In the age when 3D printers and other sorts of fabrication methods are on our minds, the concept of a prefab apartment is not so farfetched in our mass consumer society. This is just one of the design concepts presented at “Making Room” an exhibition on new housing initiatives for New Yorkers currently being shown at the Museum of the City of New York until Sept 2013. The Citizens Planning & Housing Council has partnered with the museum to produce “Making Room,” which zones in on designs that accommodate for the high percentage of singles in the city, legal shared housing for unrelated adults, and additions which make single-family homes more flexible.
As you approach the exhibit, you are first met by a room decorated by infographics illustrating the demographics of the inhabitants of New York City. The stats are organized around the number of singles, number of unrelated persons living together, single parents, and nuclear families. Manhattan boasts around 33% of singles which demonstrates a shifting demographic of people living alone in urban areas, an issue highlighted in this NYTimes article.
The exhibit features the winner of the adAPT competition initiated by Mayor Bloomberg,
designed by nARCHITECT, which involves a series of prefabricated units ranging from 250-370 sq feet that are fitted together modularly on site. The apartments include a kitchen, bath, living room, and sleeping area.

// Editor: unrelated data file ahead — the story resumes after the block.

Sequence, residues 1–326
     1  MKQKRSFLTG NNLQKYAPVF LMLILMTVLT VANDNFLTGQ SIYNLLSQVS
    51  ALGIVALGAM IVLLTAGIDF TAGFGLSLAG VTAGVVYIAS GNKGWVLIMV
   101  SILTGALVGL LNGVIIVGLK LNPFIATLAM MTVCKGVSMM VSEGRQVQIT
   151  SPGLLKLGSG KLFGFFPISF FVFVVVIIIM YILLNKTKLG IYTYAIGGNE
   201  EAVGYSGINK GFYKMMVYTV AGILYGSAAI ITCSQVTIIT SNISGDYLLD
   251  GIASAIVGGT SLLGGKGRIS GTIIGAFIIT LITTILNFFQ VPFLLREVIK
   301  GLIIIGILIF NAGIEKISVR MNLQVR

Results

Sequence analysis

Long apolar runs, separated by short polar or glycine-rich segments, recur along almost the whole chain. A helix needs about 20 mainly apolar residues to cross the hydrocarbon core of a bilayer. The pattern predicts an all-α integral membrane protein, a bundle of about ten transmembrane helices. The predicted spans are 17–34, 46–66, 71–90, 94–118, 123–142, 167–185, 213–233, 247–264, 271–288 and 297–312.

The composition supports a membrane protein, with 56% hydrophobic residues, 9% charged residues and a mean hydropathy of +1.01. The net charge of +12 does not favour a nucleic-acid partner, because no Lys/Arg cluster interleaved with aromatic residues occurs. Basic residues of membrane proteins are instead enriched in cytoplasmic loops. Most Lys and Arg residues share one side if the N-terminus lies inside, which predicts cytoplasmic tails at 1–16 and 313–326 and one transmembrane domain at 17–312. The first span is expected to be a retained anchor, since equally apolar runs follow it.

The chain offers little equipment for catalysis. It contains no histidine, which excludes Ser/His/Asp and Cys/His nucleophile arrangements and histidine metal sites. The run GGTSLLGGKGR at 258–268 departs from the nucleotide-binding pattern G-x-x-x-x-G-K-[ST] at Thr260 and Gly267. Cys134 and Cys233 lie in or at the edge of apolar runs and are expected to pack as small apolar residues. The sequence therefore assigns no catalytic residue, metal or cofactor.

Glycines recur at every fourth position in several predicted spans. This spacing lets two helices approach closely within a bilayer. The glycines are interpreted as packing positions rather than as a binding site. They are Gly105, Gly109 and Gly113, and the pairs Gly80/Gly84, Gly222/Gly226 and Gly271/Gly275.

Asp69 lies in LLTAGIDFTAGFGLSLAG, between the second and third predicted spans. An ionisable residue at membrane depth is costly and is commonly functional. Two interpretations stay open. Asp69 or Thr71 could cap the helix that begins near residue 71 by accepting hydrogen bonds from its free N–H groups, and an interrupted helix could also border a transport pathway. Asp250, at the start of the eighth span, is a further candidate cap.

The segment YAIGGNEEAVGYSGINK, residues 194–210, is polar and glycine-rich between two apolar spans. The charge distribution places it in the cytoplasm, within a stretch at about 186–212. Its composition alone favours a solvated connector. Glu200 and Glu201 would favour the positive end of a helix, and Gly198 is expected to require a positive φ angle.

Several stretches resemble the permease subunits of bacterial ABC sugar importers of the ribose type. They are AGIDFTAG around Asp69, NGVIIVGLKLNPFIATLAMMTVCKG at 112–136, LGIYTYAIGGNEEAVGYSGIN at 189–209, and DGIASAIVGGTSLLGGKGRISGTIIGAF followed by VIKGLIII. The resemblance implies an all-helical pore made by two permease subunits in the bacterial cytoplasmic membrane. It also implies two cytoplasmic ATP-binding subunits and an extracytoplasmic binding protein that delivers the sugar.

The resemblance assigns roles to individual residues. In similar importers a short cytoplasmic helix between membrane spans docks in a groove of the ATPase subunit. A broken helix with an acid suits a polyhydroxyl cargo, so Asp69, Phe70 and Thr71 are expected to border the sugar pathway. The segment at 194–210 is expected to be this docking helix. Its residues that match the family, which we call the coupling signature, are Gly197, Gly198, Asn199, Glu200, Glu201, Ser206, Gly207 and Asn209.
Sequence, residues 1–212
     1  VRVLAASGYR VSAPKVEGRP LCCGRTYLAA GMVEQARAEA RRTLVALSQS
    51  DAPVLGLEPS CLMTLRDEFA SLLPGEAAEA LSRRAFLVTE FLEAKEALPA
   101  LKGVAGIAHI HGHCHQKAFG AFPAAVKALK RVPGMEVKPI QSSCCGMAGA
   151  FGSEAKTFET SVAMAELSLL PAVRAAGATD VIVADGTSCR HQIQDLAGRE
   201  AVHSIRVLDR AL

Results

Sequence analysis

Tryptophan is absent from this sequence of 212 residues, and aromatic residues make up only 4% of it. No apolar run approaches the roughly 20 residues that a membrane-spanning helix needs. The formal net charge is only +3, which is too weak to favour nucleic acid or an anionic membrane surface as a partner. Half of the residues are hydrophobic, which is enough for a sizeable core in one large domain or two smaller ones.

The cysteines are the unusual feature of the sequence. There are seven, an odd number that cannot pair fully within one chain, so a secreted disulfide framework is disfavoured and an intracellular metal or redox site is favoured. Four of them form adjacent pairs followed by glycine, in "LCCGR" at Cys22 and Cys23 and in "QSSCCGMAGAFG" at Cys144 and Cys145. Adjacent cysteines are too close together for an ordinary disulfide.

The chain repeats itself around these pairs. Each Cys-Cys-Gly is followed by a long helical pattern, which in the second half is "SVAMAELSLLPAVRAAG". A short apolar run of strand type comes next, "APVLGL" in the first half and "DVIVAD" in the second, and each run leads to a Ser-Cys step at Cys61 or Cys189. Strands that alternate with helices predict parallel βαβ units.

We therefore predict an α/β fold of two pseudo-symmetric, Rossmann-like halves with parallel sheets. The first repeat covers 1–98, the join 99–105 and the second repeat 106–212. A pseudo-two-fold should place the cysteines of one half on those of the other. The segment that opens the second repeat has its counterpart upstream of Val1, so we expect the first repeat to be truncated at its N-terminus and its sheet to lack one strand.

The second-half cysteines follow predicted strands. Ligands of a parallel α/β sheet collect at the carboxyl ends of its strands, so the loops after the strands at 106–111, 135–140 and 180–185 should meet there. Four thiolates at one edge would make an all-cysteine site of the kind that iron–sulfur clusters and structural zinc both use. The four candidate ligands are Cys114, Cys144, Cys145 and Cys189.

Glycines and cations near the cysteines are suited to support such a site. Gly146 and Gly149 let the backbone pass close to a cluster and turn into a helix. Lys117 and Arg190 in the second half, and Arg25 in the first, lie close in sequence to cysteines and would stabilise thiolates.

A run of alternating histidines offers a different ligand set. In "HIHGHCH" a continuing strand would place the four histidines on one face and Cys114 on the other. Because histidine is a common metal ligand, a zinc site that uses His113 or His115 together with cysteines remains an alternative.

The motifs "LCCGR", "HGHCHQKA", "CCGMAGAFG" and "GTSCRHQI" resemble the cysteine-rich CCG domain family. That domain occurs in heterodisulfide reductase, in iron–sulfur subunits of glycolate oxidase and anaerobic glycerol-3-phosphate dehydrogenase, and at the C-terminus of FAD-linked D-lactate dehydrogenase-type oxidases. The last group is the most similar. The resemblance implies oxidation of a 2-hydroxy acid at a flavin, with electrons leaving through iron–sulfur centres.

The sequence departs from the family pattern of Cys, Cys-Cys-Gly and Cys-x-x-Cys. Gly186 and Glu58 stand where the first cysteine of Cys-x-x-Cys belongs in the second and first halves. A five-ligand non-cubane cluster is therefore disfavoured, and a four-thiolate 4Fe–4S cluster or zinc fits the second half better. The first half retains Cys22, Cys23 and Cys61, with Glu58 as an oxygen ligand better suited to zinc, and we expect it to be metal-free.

A 325 sq foot model apartment sits in the middle of the gallery space and demonstrates how all these amenities can be included in such a small space. The key to the design is maximizing space through multifunctional furniture, with stools doubling as cupboards
and a couch which transforms into a Murphy bed. Yet the apartments that are set to open in 2015 do not come with the specialized array of ultra-modern furniture, which beckons the question of how effective the design is without the interior furnishings.
The highlight of the show is the beautiful models which illustrate each of the design proposals. Most of them are rendered in a light wood, intricately lasercut and put together to show the density of spaces contained in each unit. A theme around these kinds of housing proposals is to create density of residences, but also to create a sense of community through them through the sharing of amenities and the offering of community spaces within each unit.
Outside of the innovations in housing popping up in the United States, the exhibit also shows designs from outside of the country, including one of my favorites: the Domestic Transformer. I really recommend watching this video of the house done by award-winning architect, gary Chang, who designed a 344 sq ft apartment to be able to turn into 24 different rooms.
For a sneak peek at the housing future of the city head on down to the exhibit! The Museum of the City of New York is located at 1220 Fifth Avenue at 103rd Street and is just a short ride away on the M4. Admission is free for students with valid CUID.
-Caroline Chen CC’15